Kohn internships let college students peek into 9-to-5 world

Sunlight drifts in through the large bay windows lining the hallway of the Jewish Home in San Francisco as Abby Cohen wheels resident Bette Frishman to a hot chocolate social after an afternoon poetry reading.

As a Kohn intern, Cohen’s days at the Home are split between two responsibilities: visiting with residents, which includes greeting people and taking them to events, and working in the marketing department.

“I get to have both experiences, of working with people and working behind the scenes of running the Jewish Home,” she said. “It’s eye-opening to see what it takes to run an operation like they do.”

Kohn interns fill out surveys for Shalom Bayit during a Friday seminar.

Cohen, 20, is one of 30 interns stationed this summer at 30 Jewish agencies in the East Bay, San Francisco and the Peninsula. The Kohn summer intern program provides a peek at the 9-to-5 lifestyle many will encounter after college, as well as a chance to explore different facets of working in the Jewish community.

The program, now in its 24th year, is a project of Jewish Vocational Service, and is funded by the Jewish Community Endowment Kohn Fund of the S.F.-based Jewish Community Federation. It also is supported by a grant from the S.F.-based Jewish Community Foundation and the Jewish Community Federation of the Greater East Bay, and the Milton and Sophie Meyer Fund.

For Cohen, who attends the University of Arizona, working at the Home has been a reflective experience.

Engaging with the residents “gives you perspective on life, and that you should take the chances you have to explore the world while you are young,” she said.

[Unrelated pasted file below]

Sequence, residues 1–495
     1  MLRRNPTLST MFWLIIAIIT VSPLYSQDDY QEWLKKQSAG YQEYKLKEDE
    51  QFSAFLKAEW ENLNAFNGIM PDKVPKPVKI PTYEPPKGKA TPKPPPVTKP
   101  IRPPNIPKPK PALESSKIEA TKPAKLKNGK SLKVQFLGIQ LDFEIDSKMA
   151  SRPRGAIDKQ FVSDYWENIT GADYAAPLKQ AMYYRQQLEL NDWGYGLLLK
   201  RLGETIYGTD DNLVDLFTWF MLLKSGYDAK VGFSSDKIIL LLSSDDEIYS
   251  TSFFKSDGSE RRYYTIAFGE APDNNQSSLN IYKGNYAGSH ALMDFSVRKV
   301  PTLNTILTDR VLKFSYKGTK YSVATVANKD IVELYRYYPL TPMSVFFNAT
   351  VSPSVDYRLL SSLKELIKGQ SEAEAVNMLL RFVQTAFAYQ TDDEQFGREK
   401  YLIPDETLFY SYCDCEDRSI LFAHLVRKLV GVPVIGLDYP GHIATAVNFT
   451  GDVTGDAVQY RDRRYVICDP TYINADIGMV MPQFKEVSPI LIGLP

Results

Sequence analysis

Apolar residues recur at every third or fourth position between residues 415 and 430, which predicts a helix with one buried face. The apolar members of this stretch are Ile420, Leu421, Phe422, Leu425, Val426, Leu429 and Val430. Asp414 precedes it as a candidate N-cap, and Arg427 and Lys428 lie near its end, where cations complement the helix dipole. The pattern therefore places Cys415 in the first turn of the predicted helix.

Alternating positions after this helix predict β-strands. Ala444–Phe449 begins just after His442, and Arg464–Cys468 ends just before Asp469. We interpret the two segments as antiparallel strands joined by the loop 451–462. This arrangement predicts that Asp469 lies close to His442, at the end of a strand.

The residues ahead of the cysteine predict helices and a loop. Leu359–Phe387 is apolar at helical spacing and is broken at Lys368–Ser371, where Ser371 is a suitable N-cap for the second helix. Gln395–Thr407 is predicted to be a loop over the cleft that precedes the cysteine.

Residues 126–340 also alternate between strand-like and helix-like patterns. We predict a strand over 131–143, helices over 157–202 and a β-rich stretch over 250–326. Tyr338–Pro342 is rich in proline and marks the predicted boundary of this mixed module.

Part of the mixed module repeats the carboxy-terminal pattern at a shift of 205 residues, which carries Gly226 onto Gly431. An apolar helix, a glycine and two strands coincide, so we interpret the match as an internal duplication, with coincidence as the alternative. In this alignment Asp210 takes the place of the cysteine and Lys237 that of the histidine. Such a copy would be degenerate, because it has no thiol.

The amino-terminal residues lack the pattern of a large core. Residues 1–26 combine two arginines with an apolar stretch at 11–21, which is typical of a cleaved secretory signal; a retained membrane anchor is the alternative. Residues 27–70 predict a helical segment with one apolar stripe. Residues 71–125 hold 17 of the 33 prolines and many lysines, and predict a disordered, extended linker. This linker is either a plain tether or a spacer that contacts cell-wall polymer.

On the other end of the age spectrum is Kohn intern Rachel Weber, 21, who is working with young children alongside the counselors in training and junior counselors at the Peninsula JCC summer camp in Foster City.

This year, Weber and her colleagues are working with First Step for Families, a San Mateo County program that helps formerly homeless people get back on their feet. While parents are at work or doing workshops with the program, their children are taken on field trips.

Abby Cohen (right) spends time with Jewish Home resident Bette Frishman. photos/meredith malnick

One afternoon, Weber accompanied the children on a trip off the the shelter grounds, to play games in a local park. “At the end of the day, while we were walking back to the shelter, one of the kids came up to me and told me that he wished I lived at the shelter with him,” said Weber, who attends Lewis & Clark College.

For Aram Hava Salam, 21, interning at the Israel Center in San Francisco is a chance to connect with his roots. As a native of Jerusalem, “being here is a feeling of comfort,” he said.

This is the first summer Hava Salam, who goes to Menlo College, will not make the trip back to Israel, but working at the Israel Center has helped alleviate some of his homesickness. Hearing stories about Israel from colleagues and speaking Hebrew in the office gives him an “overwhelming feeling of nostalgia,” he said.

This year, intern coordinator Danielle Beres added several new components to the Kohn program after receiving feedback from past interns.

For the first time, Beres tapped previous Kohn participants to mentor the 2009 interns; mentors check in with their interns periodically and give advice on their current internships, as well as their future careers.

The interns also went on a retreat at the Contemporary Jewish Museum before starting work at their agencies, which gave them a chance to socialize and talk about issues facing the Jewish community.